Dr. Pam Patterson has been active for over 30 years in the arts, academic and women’s communities. Her performances, research, teaching, and curatorial projects focus on embodiment and performativity in art practice, women’s, gender and disability issues, critical pedagogy and art(s) education. She founded an arts-informed feminist research, presentation, and publication program, WIAprojects ( at the Centre for Women's Studies in Education at OISE/ University of Toronto in 2004 and has been Director of the program since. As a performance and visual artist, she was a founding member of FADO Performance and ARTIFACTS and continues to exhibit and perform internationally. She currently teaches in the Faculty of Art at the Ontario College of Art & Design University. At OCAD U, she has facilitated a number of cross-disciplinary, cross-institutional projects including Food=Need OCAD U. ARTISTS TEACHING ARTISTS, and this recent HOW ARE U OCAD U? As Director, Research for the Canadian Society for Education through Art (CSEA) she is currently co-facilitating national research initiatives groups with CSEA President, Peter Vietgen (Brock University).

"How Are U OCAD U?"
Art and Design Education Lab - Community Leadership mounted a campaign fall 2014 term inviting the OCAD U community to assist them in re-imagining OCAD U for the 21st C. This action was an outgrowth of our deep curiosity about our own complicity in teaching and learning at OCAD U. We wanted to open the Pandora’s Box and excavate the messiness. We all know that we need to dig deep and take risks in studio practice in order to push our work to stronger and richer iterations. But, how can we as educators do the same? How can we define OCAD U as a community: Is it a place of/for community gathering(s)? What is its ethical grounding? What is its reason for being? How can we determine what learning means at OCAD? While our posters are presented as tongue-and-cheek, the data they were derived from was diverse, compelling, and often contradictory. Videos, which accompany this exhibition, provide a more storied response from OCAD U community members. Our devised terms for examination for the survey and Learning Zone (LZ) display are below. Demographics from LZ are also listed. Special thanks to the OCADSU for additional data from their own survey.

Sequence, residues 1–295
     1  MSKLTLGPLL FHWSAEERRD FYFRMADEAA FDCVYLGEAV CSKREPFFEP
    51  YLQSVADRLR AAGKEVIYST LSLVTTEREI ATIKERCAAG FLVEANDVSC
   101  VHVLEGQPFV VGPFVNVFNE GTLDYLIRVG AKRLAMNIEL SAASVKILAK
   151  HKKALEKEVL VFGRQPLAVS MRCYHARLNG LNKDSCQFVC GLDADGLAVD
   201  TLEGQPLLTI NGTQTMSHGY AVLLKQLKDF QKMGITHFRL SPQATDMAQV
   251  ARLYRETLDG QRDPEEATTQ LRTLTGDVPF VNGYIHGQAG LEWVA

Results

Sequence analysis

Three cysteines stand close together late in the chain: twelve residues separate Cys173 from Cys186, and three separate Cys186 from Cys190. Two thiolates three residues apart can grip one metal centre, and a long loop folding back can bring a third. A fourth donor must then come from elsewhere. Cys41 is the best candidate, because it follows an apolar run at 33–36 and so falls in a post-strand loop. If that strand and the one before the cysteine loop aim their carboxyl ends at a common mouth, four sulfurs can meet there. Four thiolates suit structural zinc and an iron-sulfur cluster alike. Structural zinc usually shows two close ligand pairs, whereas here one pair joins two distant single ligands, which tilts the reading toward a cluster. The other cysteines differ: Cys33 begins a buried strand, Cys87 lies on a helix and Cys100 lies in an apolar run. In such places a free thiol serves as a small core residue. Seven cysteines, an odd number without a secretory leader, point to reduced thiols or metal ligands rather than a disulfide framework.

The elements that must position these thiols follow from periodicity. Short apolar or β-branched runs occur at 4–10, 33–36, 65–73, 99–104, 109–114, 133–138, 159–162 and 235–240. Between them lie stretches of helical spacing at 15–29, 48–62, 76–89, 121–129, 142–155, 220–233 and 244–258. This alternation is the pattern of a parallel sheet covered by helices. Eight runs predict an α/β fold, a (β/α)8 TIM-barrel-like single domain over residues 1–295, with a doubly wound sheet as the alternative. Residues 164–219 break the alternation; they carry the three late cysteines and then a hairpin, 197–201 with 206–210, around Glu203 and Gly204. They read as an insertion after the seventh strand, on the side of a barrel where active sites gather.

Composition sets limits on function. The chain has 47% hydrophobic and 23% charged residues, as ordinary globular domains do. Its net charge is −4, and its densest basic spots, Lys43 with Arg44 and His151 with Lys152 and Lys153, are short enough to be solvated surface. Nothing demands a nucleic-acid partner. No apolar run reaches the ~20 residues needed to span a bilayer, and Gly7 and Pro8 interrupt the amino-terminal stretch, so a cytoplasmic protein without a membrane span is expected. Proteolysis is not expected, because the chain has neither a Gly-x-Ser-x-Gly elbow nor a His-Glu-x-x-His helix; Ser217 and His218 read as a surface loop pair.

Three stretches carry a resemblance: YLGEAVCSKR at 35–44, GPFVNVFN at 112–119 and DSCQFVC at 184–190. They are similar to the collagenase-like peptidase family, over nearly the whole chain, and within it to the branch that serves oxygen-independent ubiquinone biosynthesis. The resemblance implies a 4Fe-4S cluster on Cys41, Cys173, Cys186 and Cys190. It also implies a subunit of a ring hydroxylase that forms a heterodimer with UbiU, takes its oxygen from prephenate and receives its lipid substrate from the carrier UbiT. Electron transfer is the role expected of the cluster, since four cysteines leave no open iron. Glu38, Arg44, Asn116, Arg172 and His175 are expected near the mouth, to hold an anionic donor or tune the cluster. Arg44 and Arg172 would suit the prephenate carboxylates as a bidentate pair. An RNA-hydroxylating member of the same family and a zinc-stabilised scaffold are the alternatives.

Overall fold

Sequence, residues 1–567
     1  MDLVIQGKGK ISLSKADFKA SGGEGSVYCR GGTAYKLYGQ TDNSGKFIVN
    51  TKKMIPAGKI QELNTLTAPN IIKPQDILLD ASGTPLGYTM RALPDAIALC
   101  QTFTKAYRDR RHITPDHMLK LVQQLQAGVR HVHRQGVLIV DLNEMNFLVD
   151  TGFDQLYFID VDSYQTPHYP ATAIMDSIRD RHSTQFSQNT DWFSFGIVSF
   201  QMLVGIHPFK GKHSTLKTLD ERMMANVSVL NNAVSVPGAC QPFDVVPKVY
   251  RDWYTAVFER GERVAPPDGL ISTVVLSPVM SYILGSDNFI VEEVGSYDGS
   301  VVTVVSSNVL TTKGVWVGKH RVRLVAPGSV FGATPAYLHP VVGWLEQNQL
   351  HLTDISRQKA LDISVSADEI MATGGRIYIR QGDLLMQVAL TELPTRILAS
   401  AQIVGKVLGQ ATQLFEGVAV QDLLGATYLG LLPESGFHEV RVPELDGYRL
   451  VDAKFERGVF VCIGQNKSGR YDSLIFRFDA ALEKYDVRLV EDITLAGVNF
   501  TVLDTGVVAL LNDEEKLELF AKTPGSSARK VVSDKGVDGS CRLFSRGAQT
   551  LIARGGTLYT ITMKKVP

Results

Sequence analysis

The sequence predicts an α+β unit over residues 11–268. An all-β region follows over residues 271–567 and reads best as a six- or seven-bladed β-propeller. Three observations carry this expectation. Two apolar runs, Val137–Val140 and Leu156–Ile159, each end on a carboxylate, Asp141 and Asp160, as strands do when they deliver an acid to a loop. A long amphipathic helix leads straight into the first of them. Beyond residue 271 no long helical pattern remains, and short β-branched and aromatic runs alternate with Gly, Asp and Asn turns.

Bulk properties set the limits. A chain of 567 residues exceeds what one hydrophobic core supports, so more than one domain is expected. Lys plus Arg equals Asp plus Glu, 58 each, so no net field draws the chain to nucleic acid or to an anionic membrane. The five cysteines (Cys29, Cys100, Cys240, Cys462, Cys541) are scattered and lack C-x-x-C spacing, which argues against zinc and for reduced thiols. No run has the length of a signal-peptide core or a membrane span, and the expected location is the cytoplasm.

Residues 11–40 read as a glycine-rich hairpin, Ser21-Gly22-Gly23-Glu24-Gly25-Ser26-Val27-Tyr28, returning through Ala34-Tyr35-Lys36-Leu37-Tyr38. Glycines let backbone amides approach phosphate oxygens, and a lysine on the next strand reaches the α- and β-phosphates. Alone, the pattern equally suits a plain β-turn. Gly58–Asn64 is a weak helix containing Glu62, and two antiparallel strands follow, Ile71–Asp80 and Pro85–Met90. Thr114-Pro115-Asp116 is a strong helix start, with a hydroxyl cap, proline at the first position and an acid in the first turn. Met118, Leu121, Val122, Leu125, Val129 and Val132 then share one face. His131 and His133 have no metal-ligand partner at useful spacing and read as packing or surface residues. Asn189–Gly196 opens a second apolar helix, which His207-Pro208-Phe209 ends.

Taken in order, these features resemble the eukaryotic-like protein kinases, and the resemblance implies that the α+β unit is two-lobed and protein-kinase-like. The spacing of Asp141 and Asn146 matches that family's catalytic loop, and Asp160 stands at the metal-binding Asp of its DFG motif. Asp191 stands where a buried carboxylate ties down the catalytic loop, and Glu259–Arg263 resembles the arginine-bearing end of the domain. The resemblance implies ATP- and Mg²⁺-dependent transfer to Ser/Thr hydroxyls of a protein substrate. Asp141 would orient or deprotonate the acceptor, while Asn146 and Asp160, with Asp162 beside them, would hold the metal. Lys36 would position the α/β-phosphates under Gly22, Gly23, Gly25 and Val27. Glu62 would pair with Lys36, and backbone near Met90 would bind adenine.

Six Terms for Examination:

1. How have you achieved a sense of community at OCAD U?
2. How has your learning experience been? How can it better prepare you for the working world?
3. What teaching methods are you looking for? What teaching methods are actually working for you?
4. How have OCAD U community initiatives improved your experience?
5. How does your experience match your expectations?
6. What have you achieved as a student or faculty or staff at OCAD U?
Survey monkey site:

Venue & Address: 
Lambert Lounge (Room 187, 100 McCaul)

Research Rendezvous

Ut pictura poesis multi-view galaxy
Brain screen capture
Friday, April 17, 2015 - 4:00pm to 5:00pm

Research Rendezvous is a monthly lunchtime series for faculty and students to share and learn about research at OCAD U. Come share your ideas, connect with potential collaborators and find out how you can get involved in research.

This month's featured presenters:

David Griffin, Faculty of Art
"Ut Pictura Poesis: Drawing into Space"

In 1735, Leonard Euler presented a solution to the practical problem of whether a route could be plotted to cross each of seven bridges in Königsberg once. His negative solution used the simplest of mark-making strategies to resolve a conceptual problem. Euler did not actually cross the town’s bridges, but used them to resolve questions of connectivity, after which diagrammatic representations can be seen as the restructuring of logical problems to allow for inductive reasoning, for fruitful application beyond theory. But what if such a working graphic has as its target something that is simply incomprehensible? What are the upper limits of the denotational logic of such diagrams?